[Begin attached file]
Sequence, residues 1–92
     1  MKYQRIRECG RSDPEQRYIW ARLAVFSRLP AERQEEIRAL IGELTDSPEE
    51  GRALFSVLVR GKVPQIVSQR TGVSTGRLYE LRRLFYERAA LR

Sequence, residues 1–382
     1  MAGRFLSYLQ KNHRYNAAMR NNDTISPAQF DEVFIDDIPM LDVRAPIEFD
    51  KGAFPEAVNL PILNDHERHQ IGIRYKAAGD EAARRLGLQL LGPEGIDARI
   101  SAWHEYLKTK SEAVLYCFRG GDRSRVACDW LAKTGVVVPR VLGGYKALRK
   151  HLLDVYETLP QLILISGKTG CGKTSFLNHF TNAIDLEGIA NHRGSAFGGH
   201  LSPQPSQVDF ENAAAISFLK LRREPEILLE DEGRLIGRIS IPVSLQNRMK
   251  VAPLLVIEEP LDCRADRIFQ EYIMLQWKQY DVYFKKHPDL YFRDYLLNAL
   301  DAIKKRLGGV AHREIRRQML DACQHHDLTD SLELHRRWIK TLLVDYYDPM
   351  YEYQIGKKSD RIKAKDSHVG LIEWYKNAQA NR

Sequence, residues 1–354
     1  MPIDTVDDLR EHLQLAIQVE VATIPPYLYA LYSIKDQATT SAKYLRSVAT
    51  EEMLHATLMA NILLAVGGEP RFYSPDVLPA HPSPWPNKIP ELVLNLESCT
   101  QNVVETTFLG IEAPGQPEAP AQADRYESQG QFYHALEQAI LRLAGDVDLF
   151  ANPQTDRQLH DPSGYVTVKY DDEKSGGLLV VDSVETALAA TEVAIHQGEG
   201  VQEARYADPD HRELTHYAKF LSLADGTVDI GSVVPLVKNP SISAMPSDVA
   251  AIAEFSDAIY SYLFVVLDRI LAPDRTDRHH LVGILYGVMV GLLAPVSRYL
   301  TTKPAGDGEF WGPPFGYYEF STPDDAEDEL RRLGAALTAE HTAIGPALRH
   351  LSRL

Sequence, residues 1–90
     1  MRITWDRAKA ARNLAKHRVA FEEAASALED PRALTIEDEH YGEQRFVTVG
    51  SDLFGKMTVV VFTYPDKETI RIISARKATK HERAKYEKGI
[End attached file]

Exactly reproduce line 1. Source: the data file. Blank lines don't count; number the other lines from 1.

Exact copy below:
Sequence, residues 1–92